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Okla. exec’s statement affirms Burleson’s in-state leadership

NASHVILLE, Tenn. (BP)–Anthony Jordan, executive director-treasurer of the Baptist General Convention of Oklahoma, released a statement Jan. 12 affirming the service within Oklahoma of a pastor now at the center of a controversy with trustees of the International Mission Board.

IMB trustees, during a Jan. 11 executive session, initiated an action to ask the Southern Baptist Convention to remove Burleson as a trustee over “issues involving broken trust and resistance to accountability, not Burleson’s opposition to policies recently enacted by the board,” according to a three-paragraph statement issued by trustee chairman Tom Hatley, an Arkansas pastor.

“The trustees consider this a rare and grievous action,” Hatley’s statement continued, “but one that was absolutely necessary for the board to move forward in its duties as prescribed by the SBC.”

Jordan, in his statement, noted:

“While the Baptist General Convention of Oklahoma is not privileged to firsthand knowledge regarding the actions taken by the IMB board of trustees concerning Wade Burleson, we can speak to the outstanding service Wade Burleson has and continues to provide to our state convention. As a current member of the BGCO board of directors and as a past state convention president, Wade has demonstrated excellent leadership and integrity while exemplifying a passion for reaching the world with the Gospel of Jesus Christ.”

Burleson served as BGCO president from 2003-05.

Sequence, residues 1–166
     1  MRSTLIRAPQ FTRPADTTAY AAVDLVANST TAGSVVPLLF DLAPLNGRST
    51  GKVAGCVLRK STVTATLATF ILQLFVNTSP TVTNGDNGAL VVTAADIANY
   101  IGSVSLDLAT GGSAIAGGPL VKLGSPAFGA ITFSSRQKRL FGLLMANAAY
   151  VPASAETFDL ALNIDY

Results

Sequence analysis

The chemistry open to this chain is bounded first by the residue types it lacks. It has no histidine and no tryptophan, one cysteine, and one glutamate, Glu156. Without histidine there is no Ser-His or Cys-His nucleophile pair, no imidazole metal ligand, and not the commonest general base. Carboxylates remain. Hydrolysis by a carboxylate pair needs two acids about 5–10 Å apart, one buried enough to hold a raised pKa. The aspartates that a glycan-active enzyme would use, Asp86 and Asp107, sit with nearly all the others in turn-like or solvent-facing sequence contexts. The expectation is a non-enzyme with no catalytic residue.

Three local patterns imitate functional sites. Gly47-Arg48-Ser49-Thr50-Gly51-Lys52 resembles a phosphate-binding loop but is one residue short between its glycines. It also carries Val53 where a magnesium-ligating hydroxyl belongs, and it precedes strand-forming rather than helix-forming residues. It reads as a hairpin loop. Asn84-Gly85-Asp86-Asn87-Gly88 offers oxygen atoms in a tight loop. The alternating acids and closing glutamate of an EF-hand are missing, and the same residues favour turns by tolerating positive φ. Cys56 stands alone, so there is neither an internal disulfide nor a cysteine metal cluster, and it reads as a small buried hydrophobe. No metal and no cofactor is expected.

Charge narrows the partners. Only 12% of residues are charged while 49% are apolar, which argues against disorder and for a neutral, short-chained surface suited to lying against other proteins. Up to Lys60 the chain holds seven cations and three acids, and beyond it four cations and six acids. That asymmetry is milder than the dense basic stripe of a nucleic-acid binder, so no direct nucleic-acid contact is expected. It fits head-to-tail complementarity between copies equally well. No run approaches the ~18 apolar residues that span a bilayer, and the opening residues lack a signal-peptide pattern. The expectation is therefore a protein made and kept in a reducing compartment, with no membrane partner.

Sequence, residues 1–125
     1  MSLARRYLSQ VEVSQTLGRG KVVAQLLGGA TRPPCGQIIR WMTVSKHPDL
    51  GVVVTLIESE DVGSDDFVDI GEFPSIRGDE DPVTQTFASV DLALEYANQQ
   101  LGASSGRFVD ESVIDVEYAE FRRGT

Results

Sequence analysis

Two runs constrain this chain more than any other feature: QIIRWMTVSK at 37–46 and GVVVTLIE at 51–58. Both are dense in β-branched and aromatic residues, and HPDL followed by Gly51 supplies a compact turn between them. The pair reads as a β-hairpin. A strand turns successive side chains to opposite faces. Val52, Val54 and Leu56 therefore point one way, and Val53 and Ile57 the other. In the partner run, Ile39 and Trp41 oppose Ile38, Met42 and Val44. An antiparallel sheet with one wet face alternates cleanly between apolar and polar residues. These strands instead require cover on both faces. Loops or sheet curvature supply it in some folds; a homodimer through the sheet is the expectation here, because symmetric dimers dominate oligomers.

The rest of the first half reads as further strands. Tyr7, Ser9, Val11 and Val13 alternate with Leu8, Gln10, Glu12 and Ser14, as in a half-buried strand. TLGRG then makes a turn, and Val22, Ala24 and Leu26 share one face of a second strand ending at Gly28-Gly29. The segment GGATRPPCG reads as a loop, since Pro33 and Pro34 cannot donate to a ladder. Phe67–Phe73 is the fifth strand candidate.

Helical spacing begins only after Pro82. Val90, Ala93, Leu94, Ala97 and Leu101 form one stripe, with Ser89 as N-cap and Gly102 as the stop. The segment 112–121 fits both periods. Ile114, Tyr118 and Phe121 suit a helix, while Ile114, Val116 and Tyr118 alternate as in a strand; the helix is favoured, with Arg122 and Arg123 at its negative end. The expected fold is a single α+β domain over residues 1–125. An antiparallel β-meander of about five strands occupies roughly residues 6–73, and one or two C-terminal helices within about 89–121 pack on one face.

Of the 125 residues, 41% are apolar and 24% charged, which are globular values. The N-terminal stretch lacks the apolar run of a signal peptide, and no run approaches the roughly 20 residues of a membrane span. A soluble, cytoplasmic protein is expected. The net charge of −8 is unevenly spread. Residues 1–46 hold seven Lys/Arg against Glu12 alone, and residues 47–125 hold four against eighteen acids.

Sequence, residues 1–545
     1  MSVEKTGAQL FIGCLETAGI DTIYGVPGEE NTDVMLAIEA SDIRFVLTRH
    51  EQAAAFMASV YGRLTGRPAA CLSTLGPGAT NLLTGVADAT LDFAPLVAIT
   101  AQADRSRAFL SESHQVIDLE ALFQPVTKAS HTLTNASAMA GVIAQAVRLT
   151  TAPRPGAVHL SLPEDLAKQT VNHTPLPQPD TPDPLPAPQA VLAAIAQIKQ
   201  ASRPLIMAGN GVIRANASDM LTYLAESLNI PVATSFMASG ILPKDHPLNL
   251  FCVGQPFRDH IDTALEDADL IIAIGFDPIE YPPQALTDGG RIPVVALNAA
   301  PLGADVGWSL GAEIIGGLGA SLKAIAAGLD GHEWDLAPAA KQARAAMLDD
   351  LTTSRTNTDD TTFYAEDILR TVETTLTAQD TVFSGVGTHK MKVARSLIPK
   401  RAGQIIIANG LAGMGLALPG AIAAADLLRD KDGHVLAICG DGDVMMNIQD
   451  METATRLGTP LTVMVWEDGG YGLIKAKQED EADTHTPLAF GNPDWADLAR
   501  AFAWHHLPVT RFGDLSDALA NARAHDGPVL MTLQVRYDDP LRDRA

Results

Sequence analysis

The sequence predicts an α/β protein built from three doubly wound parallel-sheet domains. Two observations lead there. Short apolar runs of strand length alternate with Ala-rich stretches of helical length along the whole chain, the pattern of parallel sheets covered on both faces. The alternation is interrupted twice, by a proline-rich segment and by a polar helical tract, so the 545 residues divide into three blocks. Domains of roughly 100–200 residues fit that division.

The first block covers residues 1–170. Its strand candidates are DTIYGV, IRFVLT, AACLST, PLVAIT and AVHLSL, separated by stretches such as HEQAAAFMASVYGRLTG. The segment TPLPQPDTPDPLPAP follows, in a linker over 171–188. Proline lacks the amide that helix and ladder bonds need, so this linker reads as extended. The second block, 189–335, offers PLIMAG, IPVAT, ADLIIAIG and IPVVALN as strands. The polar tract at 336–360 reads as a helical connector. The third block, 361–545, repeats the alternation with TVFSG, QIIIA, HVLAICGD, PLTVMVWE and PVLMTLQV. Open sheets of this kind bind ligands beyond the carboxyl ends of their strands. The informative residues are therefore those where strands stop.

Burleson, who was elected to a four-year trustee term by SBC messengers last year, was reporting on his encounters with trustees during the board’s Jan. 9-11 meeting in Richmond, Va., via his online weblog, or “blog,” kerussocharis.blogspot.com. A blog is a type of Internet journal that is frequently updated with personal views intended for public consumption. Burleson posted entries on his blog after the trustee action Jan. 11, and, earlier, on Monday and Tuesday of the board meeting. Two men who also have blogs but are not IMB trustees gave Internet reports of the meeting, too.

The impetus for the meeting reports by Burleson and the other two men was their opposition to missionary personnel policies, which the trustees adopted during their Nov. 14-17 meeting in Huntsville, Ala. The policies involved believer’s baptism by immersion and the use of a “private prayer language,” which also was described as “glossolalia (speaking in tongues).” Burleson, on his blog, has contended that the policies are overly restrictive, even among some Baptists who hold to the inerrancy of Scripture.

The afternoon of Jan. 11, Burleson released a six-paragraph statement to Baptist Press stating in part, “I have yet to be presented with specific allegations but I am willing to respond to the particulars of these allegations should they materialize.

“In recent days I have expressed deep concern with a precedent set by certain IMB Board members who voted to establish IMB missionary policies that reach beyond the guidelines of the Baptist Faith and Message 2000.

“Secondly, I have also questioned and brought to the attention of the full board the inappropriateness of certain IMB board members, who in violation of IMB board guidelines, have held private caucuses to develop and craft IMB motions and policy.”

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